As far as the alternative idea to use Emiliano Zapata. Has the OP ever tried to ride a bicycle up 5 de Febrero for 2 blocks? It's exremely steep for a normal bike and is very difficult even with 18 speeds. The first block of Emiliano Zapata is about the only section with sidewalks. One side has trees and the other telephone and electrical service poles.

Continuing east at Juarez you have to make a quick, steep jog to get to the 1 lane section heading toward Colon, flattening out a bit there but still essentially one lane until Marcos Castellanos. Things don't improve all that much as you continue to Revolucion. 

Revolucion is also pretty steep and has a large tree growing in the middle of it as you get near the carretera.

Heaven forbid if you try to use that street after a rain. The water comes down from the mountain making the street impassible. The large grate across from Salvador's was built to try to move some of that river down the lateral to the east.

The city can't even fix potholes yet they are planning a bicycle path? Doesn't smell right.

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The whole proposal is a farce and will never work. It gives some city hall employees some office work to do for awhile.

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Let me add a couple of points from the perspective of those of us who actually use the bike path for riding our bikes. For one thing, this is a public safety issue. It is undeniably dangerous to ride a bicycle along the carretera in central Ajijic...and scary too. Although a substantial number of on-street parking spaces would be eliminated, very few off-street spaces would be affected. There are many businesses along the current bike path that deal with exactly this situation all day long. Parking for both the Oxxo and Ajijic Clinic can be accessed from the side streets. And didn't someone mention that the Ajijic Clinic also has parking in the rear? The parking lot at the Montana Plaza could remain as is. Remember, this is also the main bus stop for Ajijic and similar to the bus stop/parking lot/ bike path that runs along the Centro Laguna Mall in San Antonio. Perhaps Ajijic would be best served by a public parking lot to accompany the bike path extension.

And while we're at it, how about extending the bike path farther into Chapala at its eastern end? The bike path is just as dangerous, and just as scary, where it abruptly ends just west of the Lourdes barrio in Chapala. I know it's a popular myth on this board to claim that Chapala hoards all the civic revenues and short-changes Ajijic. However, this may be a good example of the fallacy of such claims.

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It's a poor example but a good point.  In Chapala the carretera is plenty wide enough for a bike lane to the west end of the Malecon and the latter is plenty big enough to accommodate bikes from there.  Providing a bike lane into Chapala would appear to me to be a lot easier than into Ajijic but would also require eliminating parking on one side.  I agree the bike lane through Ajijic is needed, I just question the safety of what is being proposed.  There's a reason for those barriers on the existing bike lanes, none would be provided for the part inside of Ajijic and they probably aren't practical there.   We all know how they drive around here, particularly the Tapatio weekenders.  I can see people getting run over quite regularly on the bike lane as proposed now.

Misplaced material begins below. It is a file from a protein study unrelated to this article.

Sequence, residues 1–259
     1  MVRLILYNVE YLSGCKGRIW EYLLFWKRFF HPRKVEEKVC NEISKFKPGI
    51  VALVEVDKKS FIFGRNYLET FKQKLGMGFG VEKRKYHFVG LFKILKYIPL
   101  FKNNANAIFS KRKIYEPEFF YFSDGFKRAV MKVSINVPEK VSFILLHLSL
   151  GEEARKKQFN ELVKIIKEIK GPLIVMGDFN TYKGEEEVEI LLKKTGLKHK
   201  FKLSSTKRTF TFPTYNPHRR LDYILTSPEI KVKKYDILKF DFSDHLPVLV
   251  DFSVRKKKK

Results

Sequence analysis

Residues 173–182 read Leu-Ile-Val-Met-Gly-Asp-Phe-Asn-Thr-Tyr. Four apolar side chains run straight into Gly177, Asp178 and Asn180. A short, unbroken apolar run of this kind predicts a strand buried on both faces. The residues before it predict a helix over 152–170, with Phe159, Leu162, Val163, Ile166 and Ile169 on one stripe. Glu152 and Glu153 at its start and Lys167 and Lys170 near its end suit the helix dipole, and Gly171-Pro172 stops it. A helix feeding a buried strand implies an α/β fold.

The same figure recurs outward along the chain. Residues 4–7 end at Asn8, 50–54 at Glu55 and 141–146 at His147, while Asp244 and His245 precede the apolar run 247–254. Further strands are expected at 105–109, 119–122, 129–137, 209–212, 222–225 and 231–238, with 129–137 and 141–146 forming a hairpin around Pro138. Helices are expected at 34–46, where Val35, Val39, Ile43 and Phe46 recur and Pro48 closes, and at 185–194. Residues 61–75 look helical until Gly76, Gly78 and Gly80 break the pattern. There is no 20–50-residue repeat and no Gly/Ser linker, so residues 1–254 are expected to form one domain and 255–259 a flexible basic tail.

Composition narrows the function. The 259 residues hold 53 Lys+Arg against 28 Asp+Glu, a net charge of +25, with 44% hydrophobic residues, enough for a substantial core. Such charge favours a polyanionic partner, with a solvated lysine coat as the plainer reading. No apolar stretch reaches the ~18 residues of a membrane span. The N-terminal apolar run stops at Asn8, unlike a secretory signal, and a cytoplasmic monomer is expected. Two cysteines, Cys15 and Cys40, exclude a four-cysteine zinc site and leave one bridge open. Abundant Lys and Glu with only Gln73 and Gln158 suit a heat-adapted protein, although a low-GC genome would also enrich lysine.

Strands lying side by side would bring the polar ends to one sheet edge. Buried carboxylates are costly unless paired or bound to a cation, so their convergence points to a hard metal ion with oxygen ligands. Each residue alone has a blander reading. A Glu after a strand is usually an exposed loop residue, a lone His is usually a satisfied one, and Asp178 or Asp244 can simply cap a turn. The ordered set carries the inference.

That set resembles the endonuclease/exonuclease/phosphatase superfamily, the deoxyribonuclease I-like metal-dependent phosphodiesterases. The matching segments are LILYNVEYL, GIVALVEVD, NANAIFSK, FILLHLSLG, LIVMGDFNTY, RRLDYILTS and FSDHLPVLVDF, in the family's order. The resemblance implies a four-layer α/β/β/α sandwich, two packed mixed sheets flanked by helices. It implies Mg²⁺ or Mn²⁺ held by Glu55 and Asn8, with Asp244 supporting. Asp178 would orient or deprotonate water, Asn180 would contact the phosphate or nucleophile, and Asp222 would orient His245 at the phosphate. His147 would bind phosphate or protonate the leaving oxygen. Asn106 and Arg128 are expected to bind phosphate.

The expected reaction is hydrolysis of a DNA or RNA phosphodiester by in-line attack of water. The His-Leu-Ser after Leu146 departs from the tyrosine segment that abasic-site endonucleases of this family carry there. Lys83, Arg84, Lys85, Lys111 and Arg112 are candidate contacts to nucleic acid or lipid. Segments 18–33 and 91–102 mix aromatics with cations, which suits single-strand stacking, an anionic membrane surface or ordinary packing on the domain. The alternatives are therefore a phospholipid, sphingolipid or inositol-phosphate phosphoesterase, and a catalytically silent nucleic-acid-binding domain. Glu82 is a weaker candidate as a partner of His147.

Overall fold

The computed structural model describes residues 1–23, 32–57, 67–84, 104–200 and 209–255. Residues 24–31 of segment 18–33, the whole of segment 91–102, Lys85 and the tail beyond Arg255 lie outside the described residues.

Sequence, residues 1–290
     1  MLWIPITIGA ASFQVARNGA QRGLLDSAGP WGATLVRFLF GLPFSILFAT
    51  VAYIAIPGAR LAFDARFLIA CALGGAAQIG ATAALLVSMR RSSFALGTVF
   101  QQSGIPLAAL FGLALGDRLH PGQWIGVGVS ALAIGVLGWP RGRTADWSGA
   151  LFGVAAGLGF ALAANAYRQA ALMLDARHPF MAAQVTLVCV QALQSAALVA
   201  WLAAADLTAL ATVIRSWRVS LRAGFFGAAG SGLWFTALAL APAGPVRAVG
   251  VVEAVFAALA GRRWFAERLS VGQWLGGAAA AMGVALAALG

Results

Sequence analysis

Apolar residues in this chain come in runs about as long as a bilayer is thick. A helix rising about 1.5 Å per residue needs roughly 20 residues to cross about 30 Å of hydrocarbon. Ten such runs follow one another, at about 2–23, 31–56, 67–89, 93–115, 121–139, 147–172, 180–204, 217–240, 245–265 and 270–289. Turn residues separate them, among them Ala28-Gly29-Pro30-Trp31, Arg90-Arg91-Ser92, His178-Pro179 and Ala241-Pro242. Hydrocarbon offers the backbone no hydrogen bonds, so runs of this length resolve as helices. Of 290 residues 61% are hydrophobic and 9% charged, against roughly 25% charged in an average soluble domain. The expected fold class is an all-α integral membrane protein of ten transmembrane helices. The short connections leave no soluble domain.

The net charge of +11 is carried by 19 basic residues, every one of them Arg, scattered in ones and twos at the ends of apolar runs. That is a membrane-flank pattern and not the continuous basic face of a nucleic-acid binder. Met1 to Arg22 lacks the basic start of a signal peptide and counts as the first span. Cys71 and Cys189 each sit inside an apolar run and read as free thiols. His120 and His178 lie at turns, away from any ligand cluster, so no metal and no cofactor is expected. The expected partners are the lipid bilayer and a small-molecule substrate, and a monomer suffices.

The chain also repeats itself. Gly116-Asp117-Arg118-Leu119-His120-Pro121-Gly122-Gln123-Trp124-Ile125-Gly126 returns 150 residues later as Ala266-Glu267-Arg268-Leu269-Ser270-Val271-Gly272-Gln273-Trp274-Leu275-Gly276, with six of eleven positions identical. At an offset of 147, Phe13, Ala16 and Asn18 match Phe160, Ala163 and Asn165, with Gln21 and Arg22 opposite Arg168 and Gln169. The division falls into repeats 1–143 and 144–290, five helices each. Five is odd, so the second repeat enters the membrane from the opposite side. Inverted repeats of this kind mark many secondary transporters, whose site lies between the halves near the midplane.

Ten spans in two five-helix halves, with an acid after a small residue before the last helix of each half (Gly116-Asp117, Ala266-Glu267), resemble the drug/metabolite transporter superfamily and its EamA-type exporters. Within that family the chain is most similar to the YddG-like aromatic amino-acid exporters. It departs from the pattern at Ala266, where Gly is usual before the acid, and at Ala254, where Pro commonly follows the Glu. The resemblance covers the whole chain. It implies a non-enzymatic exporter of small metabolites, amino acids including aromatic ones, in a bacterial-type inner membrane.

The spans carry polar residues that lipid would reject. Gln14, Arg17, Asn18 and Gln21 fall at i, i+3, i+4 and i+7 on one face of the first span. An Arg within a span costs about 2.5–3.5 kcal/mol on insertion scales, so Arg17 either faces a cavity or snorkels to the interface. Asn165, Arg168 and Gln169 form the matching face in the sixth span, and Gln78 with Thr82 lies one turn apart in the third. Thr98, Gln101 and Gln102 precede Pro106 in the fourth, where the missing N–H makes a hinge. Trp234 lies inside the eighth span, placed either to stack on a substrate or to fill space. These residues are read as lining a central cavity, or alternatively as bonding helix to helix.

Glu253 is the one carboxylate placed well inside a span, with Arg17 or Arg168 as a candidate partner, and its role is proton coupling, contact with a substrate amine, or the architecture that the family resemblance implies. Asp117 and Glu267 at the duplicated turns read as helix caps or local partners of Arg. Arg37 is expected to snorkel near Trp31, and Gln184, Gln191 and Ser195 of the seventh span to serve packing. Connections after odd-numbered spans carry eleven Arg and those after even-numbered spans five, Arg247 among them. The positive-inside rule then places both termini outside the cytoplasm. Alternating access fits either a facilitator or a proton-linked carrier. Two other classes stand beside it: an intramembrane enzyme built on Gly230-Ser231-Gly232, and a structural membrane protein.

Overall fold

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John Shrall is right: no one is going to take a bike up to Emiliano Zapata. As a cyclist, I want the best route through town. On weekends, for touring, there is nothing to see up there anyway.

The simple truth is that there is no room for a change to the highway through town. Either end of Ajijic, sure, but through town? No. And while the concept of bike paths is a great one, and has been implemented successfully in all kinds of places around the world, each and every one of those cities/towns had both the space and the determination. Here we have neither, so while it may be a highly-desirable postulation, it cannot work here. Time for this government to come up with working ideas, not high-flying ways to leave their "legacy".

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More lanes for cars first, bike lanes later. There are a whole lot more people using cars than bikes. If it's dangerous, don't do it and don't try to make Mexico in the image of NOB. Close the carretera on Sunday mornings to all vehicular traffic and make it available to bicyclists. Post transitos along the route to ticket any scofflaws. Puerto Vallarta does this on our main north south divided highway and you have to use the laterals or go inland. It's absolutely packed with families and the government has made peace with the bicyclists. I have never seen a bike lane anywhere here and drivers complain but the rules are followed and everyone gets a bite of the apple. Emergency vehicles could of course be accommodated.